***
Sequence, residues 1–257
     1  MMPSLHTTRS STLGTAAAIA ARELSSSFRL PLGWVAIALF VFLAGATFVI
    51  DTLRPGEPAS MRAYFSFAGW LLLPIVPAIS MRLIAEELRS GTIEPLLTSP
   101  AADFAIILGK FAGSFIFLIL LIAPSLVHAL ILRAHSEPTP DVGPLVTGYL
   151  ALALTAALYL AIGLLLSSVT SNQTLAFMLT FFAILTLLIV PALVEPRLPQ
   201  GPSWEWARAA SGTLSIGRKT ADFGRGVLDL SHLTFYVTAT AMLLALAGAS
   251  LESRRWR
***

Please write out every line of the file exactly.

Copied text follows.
Sequence, residues 1–257
     1  MMPSLHTTRS STLGTAAAIA ARELSSSFRL PLGWVAIALF VFLAGATFVI
    51  DTLRPGEPAS MRAYFSFAGW LLLPIVPAIS MRLIAEELRS GTIEPLLTSP
   101  AADFAIILGK FAGSFIFLIL LIAPSLVHAL ILRAHSEPTP DVGPLVTGYL
   151  ALALTAALYL AIGLLLSSVT SNQTLAFMLT FFAILTLLIV PALVEPRLPQ
   201  GPSWEWARAA SGTLSIGRKT ADFGRGVLDL SHLTFYVTAT AMLLALAGAS
   251  LESRRWR